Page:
Thursday, May 13, 2021
HomeNewsCouncil's £150k security bill on empty buildings

Council’s £150k security bill on empty buildings

Words: Richard Beecham

Leeds City Council has spent more than £150,000 in just three years on security costs for EMPTY buildings, new documents reveal.

According to data obtained via a Freedom of Information request, the total number of disused and empty buildings owned by Leeds City Council currently stood at 47 in February 2021, down from 57 in 2018/19 municipal year.

However, the costs for securing its empty buildings have more than doubled, to £73,600, up from £28,600 in 2019/20 and £48,800 in 2018/19.

This has left the council with a bill of £151,000 in just three years on security costs for its own empty properties.

The council claims it has only maintained a “void/demolition dashboard” since 2018 and, as such, earlier figures are not available.

The authority also stated in its response that there was no data on which of the aforementioned buildings had since been redeveloped or demolished.

A Leeds City Council spokesperson said:

“The council works hard to explore every option and use every tool available to us to ensure that empty council-owned buildings can be brought back into use as soon as possible.

“This takes time and it is important we ensure the buildings remain secure during this period. There are currently 28 empty council-owned properties that are deemed surplus to requirements and we are actively seeking alternative uses and solutions for each of them.”

It listed examples such as Hough Top in Pudsey – a former school turned into a council office building that closed by the local authority early last year and is now being demolished to make way for new homes.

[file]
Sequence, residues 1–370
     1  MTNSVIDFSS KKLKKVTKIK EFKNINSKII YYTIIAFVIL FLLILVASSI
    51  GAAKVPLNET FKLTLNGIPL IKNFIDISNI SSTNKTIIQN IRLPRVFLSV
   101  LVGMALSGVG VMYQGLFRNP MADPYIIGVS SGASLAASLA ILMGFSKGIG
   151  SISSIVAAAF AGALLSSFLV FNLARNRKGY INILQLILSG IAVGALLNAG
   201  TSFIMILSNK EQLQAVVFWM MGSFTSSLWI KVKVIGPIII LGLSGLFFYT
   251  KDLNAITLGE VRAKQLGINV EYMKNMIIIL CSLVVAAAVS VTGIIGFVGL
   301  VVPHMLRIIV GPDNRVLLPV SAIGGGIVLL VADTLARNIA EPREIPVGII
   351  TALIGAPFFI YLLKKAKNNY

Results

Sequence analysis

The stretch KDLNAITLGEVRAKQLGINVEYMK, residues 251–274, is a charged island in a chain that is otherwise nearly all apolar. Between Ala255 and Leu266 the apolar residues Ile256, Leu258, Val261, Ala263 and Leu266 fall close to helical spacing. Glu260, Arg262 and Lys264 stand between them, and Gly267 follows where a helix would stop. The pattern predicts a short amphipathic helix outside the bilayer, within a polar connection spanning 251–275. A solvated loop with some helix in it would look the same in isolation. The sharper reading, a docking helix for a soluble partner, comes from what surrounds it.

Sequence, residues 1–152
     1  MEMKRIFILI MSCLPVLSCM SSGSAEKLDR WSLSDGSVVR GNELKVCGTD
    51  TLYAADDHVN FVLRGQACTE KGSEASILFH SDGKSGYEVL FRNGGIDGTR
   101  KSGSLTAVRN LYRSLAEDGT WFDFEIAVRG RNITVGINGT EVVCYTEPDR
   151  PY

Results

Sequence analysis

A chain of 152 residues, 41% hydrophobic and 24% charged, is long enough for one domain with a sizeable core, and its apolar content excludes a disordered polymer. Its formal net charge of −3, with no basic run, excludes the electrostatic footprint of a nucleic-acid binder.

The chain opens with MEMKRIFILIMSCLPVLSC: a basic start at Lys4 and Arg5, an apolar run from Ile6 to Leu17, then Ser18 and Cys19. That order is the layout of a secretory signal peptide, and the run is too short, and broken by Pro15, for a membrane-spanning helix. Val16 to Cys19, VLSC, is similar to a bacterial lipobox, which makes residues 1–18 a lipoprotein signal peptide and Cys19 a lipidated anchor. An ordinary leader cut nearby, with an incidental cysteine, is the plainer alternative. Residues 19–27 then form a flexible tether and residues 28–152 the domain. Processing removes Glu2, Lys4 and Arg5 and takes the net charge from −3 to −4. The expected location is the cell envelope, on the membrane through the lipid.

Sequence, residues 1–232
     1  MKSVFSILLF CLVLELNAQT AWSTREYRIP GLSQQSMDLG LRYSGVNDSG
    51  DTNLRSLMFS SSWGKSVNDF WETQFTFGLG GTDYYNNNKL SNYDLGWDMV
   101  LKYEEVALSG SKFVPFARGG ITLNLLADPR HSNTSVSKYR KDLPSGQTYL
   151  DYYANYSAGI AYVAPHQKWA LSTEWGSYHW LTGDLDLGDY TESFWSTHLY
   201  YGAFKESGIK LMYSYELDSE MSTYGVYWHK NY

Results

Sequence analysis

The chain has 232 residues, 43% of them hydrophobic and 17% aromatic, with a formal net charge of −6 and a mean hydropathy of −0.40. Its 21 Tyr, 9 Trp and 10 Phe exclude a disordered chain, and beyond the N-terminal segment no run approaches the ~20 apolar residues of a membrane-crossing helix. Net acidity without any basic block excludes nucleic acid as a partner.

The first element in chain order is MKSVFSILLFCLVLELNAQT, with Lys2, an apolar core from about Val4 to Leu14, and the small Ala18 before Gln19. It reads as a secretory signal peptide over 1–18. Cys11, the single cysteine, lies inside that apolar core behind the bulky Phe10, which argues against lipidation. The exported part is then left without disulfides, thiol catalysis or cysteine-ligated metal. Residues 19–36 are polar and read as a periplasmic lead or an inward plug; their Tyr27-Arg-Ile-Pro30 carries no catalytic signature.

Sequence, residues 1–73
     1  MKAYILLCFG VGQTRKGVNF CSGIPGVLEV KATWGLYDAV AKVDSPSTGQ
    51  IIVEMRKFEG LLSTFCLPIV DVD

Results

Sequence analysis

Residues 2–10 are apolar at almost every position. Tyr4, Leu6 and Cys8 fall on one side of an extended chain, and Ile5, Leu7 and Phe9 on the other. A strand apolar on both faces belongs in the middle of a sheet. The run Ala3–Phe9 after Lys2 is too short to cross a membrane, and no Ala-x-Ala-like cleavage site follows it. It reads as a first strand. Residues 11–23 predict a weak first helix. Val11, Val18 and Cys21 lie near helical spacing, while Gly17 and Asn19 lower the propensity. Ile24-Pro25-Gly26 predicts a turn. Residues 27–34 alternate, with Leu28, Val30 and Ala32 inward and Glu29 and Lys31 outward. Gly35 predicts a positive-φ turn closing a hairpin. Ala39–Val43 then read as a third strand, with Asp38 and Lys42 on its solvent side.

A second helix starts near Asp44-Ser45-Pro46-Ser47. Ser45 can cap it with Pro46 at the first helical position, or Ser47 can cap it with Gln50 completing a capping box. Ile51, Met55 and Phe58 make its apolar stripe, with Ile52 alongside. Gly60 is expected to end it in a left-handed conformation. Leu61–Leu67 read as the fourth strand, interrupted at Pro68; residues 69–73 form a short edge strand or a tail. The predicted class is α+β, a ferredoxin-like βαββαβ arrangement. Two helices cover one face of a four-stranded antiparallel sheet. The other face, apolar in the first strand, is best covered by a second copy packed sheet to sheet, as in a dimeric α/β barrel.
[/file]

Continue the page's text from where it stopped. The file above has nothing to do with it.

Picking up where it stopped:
The South Leeds Golf Club clubhouse was also mentioned, as it became the responsibility of the council after the business went into administration. The council added the lease of the building to Middleton Bike Hub is “being progressed”.

The findings follow plans revealed earlier this year for the council to make more than £100m in just five years from building sales.

A document written by council officers in February added that the authority had made £11.5m selling sites – including Armley Grange, Richmond Hill Leisure Centre and Bramham House – in the past year alone.

1 COMMENT

  1. In the report it states the vast sums of money paid out to secure these premises.I think the bigger picture is who received these contracts and how they were allocated,also I think protecting buildings that are going to be demolished seems a waste as surely only the perimeter needs securing.

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